Meanwhile another mystical flaw was unfolding; some jacks were not normalling. We found this out at a digital calibration check and were stumped. All these jacks passed our own QC, had been working for days, had been retested without issues and now were not normalling. Did we buy faulty jacks? We have been ordering the same jacks from the same people for all our modules and have not had any problems before. This also would not explain why these issues weren’t picked up earlier. We went back over our test protocols. We considered human incompetence or chemical processes slowly eating away our poor Fenix but could not come up with a conclusive answer. Stijn opened up one of the jacks that wasn’t normalling and noticed mechanical misalignment on the inside. When bent back into shape everything worked as normal. Stijn made a little lock-picking tool to re-align any obstinate jacks. Great to have a solution but we still did not understand the cause. The Eureka moment happened while ringing a board to the front with our adapted electric screwdriver- which is almost the final step in our process. This apparently has enough torque to pull on the jack and placement/soldering sometimes allows for this to ever so slightly extend the jack; causing the little metal parts on the inside to misalign. Back to hand-tightening all the rings on the jacks and no more issues.
Some of the delay is personal. Corona suddenly got very close. Family affairs and goodbyes.
We lost faith for a moment with these flaws that all turned out alright. It took a bit and complete retesting of everything for us to feel confident enough again to send our Fenixes out. If anything breaks, it needs to break here.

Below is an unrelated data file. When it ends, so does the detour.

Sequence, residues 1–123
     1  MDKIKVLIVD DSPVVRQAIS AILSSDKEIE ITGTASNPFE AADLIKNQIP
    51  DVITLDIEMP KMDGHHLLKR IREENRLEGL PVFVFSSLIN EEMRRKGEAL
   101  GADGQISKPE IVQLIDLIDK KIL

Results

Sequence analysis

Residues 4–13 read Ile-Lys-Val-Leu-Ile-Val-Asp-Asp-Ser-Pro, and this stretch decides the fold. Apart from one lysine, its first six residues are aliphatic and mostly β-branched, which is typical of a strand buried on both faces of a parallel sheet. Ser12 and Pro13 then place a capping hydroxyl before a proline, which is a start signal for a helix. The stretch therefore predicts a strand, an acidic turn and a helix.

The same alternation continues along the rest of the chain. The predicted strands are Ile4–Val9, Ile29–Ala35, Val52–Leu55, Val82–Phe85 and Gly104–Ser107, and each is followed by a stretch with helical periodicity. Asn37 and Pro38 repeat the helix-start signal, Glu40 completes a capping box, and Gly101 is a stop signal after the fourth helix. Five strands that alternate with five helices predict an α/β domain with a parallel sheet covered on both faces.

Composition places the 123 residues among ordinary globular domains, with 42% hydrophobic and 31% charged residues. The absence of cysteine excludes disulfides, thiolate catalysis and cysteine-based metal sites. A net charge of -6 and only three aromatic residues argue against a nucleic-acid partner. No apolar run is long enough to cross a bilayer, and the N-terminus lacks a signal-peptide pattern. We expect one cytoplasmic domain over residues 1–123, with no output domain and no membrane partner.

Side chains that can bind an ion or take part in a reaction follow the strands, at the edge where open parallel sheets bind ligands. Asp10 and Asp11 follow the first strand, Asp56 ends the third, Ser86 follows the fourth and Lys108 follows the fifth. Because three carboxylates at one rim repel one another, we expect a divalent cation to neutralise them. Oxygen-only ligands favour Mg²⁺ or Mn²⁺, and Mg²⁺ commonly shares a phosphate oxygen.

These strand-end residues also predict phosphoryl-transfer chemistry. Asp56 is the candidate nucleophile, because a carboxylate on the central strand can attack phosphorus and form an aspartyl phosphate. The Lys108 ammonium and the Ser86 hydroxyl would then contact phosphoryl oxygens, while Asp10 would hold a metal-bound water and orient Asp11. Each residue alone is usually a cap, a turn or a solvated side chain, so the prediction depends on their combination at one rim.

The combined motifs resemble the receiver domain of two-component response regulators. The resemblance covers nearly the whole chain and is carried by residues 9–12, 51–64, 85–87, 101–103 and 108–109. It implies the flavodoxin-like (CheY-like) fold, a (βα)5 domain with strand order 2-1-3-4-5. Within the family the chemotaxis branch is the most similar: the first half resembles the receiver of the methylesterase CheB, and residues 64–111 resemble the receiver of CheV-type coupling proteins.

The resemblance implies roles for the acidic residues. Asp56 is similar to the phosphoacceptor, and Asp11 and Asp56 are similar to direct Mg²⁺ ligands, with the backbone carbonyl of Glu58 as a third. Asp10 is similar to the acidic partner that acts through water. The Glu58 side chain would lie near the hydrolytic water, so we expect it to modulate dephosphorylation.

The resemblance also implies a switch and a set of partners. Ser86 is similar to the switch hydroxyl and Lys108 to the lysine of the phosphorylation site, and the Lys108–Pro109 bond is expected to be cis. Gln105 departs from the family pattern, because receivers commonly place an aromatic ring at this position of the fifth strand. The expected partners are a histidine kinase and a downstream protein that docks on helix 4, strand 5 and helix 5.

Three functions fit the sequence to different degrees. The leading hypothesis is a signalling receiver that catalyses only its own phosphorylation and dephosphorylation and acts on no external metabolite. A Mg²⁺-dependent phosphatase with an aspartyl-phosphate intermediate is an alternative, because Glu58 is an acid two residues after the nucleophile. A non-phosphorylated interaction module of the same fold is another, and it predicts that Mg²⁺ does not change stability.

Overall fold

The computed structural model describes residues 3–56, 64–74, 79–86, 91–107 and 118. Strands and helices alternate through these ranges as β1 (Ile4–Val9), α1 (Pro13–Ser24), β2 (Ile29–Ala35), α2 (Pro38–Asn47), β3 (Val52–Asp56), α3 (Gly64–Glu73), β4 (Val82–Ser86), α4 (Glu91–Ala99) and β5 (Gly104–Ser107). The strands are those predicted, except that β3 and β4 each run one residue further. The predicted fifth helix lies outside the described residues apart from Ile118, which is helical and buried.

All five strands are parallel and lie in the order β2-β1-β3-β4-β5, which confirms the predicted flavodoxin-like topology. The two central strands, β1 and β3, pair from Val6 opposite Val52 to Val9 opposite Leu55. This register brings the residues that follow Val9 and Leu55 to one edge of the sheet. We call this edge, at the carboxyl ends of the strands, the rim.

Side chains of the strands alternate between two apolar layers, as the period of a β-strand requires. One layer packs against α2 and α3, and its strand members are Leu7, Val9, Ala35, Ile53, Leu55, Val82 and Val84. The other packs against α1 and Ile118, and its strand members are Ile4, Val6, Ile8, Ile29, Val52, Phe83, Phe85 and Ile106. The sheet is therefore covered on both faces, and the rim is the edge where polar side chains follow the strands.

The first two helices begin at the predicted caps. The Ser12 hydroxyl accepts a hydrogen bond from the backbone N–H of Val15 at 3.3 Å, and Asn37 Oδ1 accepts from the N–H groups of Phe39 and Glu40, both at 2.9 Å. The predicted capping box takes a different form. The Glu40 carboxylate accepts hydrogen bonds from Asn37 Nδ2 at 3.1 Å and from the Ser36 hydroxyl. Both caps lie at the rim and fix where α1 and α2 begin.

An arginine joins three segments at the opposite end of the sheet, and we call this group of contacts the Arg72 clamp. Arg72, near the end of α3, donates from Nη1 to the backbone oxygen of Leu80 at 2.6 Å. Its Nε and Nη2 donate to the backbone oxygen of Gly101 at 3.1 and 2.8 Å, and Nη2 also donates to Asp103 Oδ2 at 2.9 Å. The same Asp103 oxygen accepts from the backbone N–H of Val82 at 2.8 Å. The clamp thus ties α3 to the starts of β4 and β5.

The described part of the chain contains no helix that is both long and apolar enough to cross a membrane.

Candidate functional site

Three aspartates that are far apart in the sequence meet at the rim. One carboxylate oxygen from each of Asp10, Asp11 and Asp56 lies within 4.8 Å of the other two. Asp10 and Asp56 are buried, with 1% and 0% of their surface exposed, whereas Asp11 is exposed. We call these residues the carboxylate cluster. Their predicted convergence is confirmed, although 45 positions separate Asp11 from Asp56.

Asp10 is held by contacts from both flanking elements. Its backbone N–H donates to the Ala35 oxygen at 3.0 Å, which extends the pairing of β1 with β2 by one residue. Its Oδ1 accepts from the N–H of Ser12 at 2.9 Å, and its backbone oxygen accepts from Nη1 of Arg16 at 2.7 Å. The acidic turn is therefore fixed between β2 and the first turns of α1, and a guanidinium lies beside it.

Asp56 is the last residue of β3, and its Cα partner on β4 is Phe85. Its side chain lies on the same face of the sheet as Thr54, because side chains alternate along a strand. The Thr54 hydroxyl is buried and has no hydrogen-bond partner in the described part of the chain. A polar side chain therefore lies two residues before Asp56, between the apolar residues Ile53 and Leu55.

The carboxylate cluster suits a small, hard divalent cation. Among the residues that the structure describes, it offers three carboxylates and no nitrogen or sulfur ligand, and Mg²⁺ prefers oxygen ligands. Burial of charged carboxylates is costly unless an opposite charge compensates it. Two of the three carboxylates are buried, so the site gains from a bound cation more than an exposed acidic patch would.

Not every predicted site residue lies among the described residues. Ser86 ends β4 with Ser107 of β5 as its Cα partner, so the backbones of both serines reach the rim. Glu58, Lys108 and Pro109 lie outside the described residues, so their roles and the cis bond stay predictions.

We are also just tired. It has been quite a year.
We are very proud and happy that our Fenixes are out there now. We are no longer vapourware HURRAY!
With great joy we delivered the very first Fenix IV in person to Tim of Midi Amsterdam.
We are in contact with several new owners and their enthusiasm connects us to why we are doing this. Our beta-tester friends at Making Sound Machines have made a wonderful Getting started with Fenix IV video
Shipping is a bit stressful. Not because anything bad has happened but because every time this beautiful box of beep that holds years of work and hopes of years to come is man-handled across the planet; I worry. I believe we pack it appropriately. I believe we use the correct shipper and provide all the relevant codes and papers. I believe it should be fine. And yet… I am relieved when I hear it has arrived and works. We’ve had some delays – hey UK! – and one Fenix was left on a porch even though we ship with Signature Required but all of them have arrived safely so far. 13 have been shipped and received. 1 is currently being held at the US border, probably waiting for the import tax to be paid, and 4 are still with us to be shipped out soon.
Today we start on the QC for all the boards that will go into the remaining 82 Fenix IV units. Hopefully we can do all of this in a months’ time. We’ve decided to let go of the idea of batches so we can test and fix all the boards of the same type in a row. When ALL the electronics are QC passed we will start assembly, calibration, burn-in and testing per Fenix IV unit. Shipping them out as they are ready. We are hoping that with the lessons learned from the first batch we can do the rest faster. We have improved our testing setups.
The second week of July would be an excellent time for the next Fenixes to start flying out the door.
Which is also when we should receive our second vaccination!